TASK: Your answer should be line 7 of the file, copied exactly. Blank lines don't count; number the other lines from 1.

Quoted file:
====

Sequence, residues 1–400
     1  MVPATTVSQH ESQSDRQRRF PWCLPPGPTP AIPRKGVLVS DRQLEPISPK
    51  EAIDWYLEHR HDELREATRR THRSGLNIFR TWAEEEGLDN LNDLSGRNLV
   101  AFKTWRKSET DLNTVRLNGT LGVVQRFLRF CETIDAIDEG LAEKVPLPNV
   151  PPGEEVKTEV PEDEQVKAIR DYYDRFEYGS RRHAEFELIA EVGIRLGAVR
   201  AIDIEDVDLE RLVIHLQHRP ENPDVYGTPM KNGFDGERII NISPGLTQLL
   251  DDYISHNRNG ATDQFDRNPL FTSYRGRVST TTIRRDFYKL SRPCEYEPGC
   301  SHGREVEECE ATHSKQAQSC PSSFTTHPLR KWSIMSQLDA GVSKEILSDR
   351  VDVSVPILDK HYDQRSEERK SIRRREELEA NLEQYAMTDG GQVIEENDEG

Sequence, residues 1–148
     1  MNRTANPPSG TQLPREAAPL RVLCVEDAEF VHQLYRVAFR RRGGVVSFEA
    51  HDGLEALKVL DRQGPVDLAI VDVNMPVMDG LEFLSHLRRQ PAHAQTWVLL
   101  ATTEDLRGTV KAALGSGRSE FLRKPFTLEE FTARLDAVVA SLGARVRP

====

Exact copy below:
   251  DDYISHNRNG ATDQFDRNPL FTSYRGRVST TTIRRDFYKL SRPCEYEPGC